Furiends, we felines are very inquisitive and curious creatures. This sometimes gets us in trouble. My former brofur Pepe once walked into the hallway to investigate it without the human knowing. Pepe got stuck outside when the human closed the door. Security had to contact us so we could let him back in.
And Koji and I are not immune to this. Sometimes, we sneak out onto the balcony and the human does not notice. He gets surprised when he hears us loudly complaining to be let back in. But not matter what we have done, we did not do anything nearly as dangerous for us as what one feline in North Carolina did.
They called the fire department for help. Firefighters and animal control came to their home to complete an unusual cat rescue. It was not an easy cat rescue to perform, furiends.
First, the firefighters had to cut a hole in the chimney. Because Crystal was trapped, she was already scared. The noise from the cutting made this worse. But eventually, the firefighters were able to complete the cat rescue. They pulled Crystal out of the chimney after about an hour of work.
One of the firefighters said “she is unharmed, unscathed and certainly glad to be out of that situation she was in.” And her humans were very grateful that this cat rescue was completed successfully.
Crystal’s ordeal, even though it ended happily, is a reminder that humans need to be careful with us felines. We are smart and curious. That combination means we can sometimes get in situations that are bad for us!
So many people think that we felines cannot get along with canines. I do not mind canines, until they try to tell me what to do or start to lick me with their sloppy wet tongues. And Koji likes to play with them, but sometimes, he scares them because he is so rambunctious. Jacey does not mind canines either but she will tell them to go away if they bother her.
But one feline and canine have taken things to a different level. A human was caring for a feline named Terra, and they noticed that she was becoming a lot bigger. She seemed to be okay. So the human decided to monitor her to make sure she did not show signs of distress.
About a week after this happened, Terra gave birth to a litter of seven kittens. She was a good mother, caring for them and making sure they were doing okay.
But seven tiny felines is a lot to handle, and one of the canines in the home started taking an interest in them. The humans in the home supervised him closely, and made sure he was nice to the tiny felines. Terra did not mind him being in the room, so they felt better. And soon, he started helping Terra.
This canine licked the felines, watched over them, and helped Terra make sure they were okay. These tiny felines did not mind getting licked with a sloppy wet canine tongue. The canine also protected the tiny felines from another canine in the home. He would hover over them and guard them when that canine came close.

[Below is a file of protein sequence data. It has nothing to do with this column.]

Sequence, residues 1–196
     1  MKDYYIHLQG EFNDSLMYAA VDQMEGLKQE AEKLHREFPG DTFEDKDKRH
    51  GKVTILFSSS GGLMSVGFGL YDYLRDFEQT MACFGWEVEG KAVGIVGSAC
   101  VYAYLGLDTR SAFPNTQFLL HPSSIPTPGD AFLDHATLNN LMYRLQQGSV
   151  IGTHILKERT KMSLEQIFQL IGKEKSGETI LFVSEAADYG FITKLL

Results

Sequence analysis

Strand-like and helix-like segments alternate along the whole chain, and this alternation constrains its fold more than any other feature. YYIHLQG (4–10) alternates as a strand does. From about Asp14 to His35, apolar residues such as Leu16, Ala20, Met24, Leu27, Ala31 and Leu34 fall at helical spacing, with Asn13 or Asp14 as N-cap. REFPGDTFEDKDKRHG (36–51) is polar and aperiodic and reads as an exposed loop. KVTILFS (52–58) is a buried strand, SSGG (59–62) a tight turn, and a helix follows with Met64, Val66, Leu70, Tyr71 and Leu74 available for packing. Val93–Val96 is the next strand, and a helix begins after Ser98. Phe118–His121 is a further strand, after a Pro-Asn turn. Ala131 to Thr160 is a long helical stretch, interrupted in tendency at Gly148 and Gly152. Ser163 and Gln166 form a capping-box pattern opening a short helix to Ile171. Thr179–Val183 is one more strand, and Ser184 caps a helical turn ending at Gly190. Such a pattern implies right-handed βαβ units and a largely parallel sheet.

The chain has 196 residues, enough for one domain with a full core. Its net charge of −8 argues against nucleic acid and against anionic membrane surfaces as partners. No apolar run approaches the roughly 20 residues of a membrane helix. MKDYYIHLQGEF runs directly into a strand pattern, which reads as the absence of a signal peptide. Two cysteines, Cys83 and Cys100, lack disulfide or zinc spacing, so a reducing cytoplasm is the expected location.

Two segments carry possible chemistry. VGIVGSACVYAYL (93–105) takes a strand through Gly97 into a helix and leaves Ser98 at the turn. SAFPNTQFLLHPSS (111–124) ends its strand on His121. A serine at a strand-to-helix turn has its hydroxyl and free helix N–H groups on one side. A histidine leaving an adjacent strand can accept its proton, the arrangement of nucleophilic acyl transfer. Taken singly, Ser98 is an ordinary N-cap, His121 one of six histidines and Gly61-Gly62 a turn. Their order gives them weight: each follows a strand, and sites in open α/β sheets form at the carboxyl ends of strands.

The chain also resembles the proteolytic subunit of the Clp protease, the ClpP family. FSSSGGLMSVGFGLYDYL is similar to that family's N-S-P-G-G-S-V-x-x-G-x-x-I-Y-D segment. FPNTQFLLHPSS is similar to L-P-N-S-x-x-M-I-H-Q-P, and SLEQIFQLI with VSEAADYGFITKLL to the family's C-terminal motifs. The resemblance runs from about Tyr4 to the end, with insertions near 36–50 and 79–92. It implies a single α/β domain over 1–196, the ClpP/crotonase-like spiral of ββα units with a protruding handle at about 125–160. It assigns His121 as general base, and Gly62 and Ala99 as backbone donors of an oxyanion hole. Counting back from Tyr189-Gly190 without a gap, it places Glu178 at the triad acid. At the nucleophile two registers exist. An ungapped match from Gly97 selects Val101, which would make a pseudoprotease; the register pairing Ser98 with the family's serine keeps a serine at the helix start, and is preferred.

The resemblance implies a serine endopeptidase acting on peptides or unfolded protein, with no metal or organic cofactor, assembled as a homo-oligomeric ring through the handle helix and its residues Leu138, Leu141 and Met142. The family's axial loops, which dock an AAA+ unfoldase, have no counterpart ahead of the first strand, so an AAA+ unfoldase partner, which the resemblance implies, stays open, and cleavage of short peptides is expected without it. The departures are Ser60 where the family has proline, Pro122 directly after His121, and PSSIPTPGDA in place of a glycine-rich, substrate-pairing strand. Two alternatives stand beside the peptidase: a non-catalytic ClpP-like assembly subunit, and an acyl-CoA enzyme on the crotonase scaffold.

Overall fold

Soon, all of the tiny felines found homes. One of the felines found a home where the canine who cared for him lived. This feline is named Fred. He and the canine are best furiends. They routinely snuggle together and clean each other. Fred even enjoys that sloppy wet canine tongue cleaning him!
I am glad that all of these tiny felines found homes. I am also glad that one of them got to live with the canine who helped raise him when he was a tiny feline!
The human tells me that when humans do bad things, they go before humans who wear robes. Then, if the robe wearing human decides they behaved very badly, they go to a place with many cages. We felines do not like being in cages. I can only imagine that it is worse for you humans.
Both felines and humans benefit from this arrangement. The cats get the care they need. And the prisoners, who are carefully selected from the population in the minimum security facility, get extensive training. The training covers a lot of things. Those in the program learn about kitten development, cat behavior, handling and socialization, and cleaning and disinfection.
Most importantly, participants in the program learn about how to care for another living being. They learn compassion.
Furiends, I am glad this program is helping both felines and humans. We know that animal rescue groups always have problems finding enough fosters. This program helps with that. And prisoners in the program learn life skills that will help them when they get out of jail.
This is good for both the four legged and two legged creatures involved. I hope to see more of these!
I am a bengal cat who was born in 2005. In the summer of 2012, I was diagnosed as a diabetic cat. I want everyone to know that diabetic cats like me are just as fun and loving as cats without the disease.